Woke but not Sleeping

If you’re a “Woke” person, you number among a bunch of folks who feel they are a class cut above most everyday Americans. Any woke person knows what that means. You don’t need to look up the definitions to know what “woke” means. If you ARE “woke,” you’ve opened your eyes and become socially engaged. And if you’re in that self-proclaimed classification, you need to educate yourself on current events and political issues. Being “woke” is being plugged in and actively aware and involved with the world around you.

However, the word holds a partisan undertone that we usually don’t even notice, and if we do, we probably agree with it. The word “woke” implies that to support the liberal viewpoint is to be socially aware — that’s the ONLY way to be socially aware. Woke people are heavily informed and actively involved with liberal social issues. If you’re leading a Black Lives Matter protest, you’re probably “woke.” If you’re calling your congressperson to advocate for Planned Parenthood, you’re probably “woke.” However, if you’re handing out pro-life leaflets, you probably will not wear the “woke” label.

This biased nomenclature is rooted in a belief held by some on the left that people are only conservative because they are uneducated. If only people were smarter, more informed, more “woke,” they would surely see the Democratic light and switch sides. Nevertheless, it is crucial to see the fault in this mindset.

Some of the most “woke” — socially informed and engaged — people I know are “woke” from the right. I know conservatives who watch the news 24/7 and don’t let a single current event slip their notice. I know people who utilize grassroots efforts to engage with their community to raise awareness for an issue that is of the utmost importance to them: anti-abortion legislation. Conservatism is not about being misinformed, and being “woke” is not about liberalism. There are educated, impassioned individuals on all sides of an issue.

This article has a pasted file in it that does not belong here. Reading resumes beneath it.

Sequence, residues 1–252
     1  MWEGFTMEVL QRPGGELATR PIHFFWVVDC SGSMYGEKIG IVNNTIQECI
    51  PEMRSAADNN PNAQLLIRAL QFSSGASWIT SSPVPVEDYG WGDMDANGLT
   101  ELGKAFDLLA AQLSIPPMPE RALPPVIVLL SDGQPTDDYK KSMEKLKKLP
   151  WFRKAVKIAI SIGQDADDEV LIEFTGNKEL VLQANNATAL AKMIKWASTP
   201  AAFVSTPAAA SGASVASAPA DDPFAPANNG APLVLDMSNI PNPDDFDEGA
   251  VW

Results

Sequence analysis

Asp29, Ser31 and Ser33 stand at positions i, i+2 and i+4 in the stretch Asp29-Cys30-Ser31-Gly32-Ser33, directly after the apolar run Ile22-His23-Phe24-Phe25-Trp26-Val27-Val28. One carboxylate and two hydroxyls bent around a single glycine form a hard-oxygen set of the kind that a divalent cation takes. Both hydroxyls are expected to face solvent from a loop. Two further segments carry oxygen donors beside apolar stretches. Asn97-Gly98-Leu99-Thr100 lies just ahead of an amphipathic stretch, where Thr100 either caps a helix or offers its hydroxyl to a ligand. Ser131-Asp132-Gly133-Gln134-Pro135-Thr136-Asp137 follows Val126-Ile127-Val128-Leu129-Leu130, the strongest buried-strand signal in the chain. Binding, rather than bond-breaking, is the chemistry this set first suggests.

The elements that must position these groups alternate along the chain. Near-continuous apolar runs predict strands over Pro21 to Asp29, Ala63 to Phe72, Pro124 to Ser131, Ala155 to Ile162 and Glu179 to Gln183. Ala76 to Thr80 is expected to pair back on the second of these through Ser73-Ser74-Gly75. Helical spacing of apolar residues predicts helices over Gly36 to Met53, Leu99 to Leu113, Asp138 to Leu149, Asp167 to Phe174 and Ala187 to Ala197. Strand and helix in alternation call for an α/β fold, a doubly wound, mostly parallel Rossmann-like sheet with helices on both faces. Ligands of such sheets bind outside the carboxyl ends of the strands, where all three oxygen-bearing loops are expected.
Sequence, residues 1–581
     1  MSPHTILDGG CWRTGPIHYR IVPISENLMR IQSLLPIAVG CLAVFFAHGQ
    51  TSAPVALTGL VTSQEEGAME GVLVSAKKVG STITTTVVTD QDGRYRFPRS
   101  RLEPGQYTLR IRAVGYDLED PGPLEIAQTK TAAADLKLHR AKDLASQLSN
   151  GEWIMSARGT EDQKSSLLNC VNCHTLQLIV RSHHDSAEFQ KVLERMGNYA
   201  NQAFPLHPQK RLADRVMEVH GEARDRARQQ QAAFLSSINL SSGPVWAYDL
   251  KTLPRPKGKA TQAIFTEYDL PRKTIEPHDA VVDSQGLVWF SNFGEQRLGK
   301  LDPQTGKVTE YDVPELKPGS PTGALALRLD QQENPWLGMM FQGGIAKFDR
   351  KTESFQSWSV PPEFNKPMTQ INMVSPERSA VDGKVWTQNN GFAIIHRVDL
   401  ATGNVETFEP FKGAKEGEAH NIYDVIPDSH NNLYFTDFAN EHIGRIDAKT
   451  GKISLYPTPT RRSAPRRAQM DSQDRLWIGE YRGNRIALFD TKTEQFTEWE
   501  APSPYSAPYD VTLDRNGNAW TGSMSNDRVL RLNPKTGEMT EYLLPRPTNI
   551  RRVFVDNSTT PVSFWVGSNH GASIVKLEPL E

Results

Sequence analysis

I acknowledge that the origins of the word “woke” stem from the black community and its fight for equality. I understand that, historically, racial equality has been primarily driven by liberals, and hence the historical connection between the word and partisanship is natural. However, “woke” is spreading. It is taking on new meaning and new reach. “Woke” is starting to become an umbrella term for all that is just, thus making justice synonymous with Democratic political platforms.

Such usage of language is merely one example of rampant political polarization in the United States. We would rather assume that people on the other side are misinformed or downright idiotic than acknowledge the viability (and the necessity) of different opinions or priorities.

Furthermore, we have reached a point where we often isolate ourselves from people with differing political opinions. This is harmful in the obvious sense: It diminishes open, enriching political discourse. However, even more harmful is the reduction of individuals with whom we disagree to nothing more than their political beliefs. We allow our own self-image to be defined by our political identification. We fail to realize that people are more than their votes for Hillary Clinton, Joe Biden, or Donald Trump. People have families, friends, hobbies, passions, thoughts, and priorities. A Trump voter is not necessarily a raving racist, and a Clinton voter is not necessarily trying to leech off your hard-earned money. They are simply people who have different opinions than you. Those opinions do not make them dumb or evil. Those opinions do not have to mean that they are not “woke.” They are different, but they are not invalid.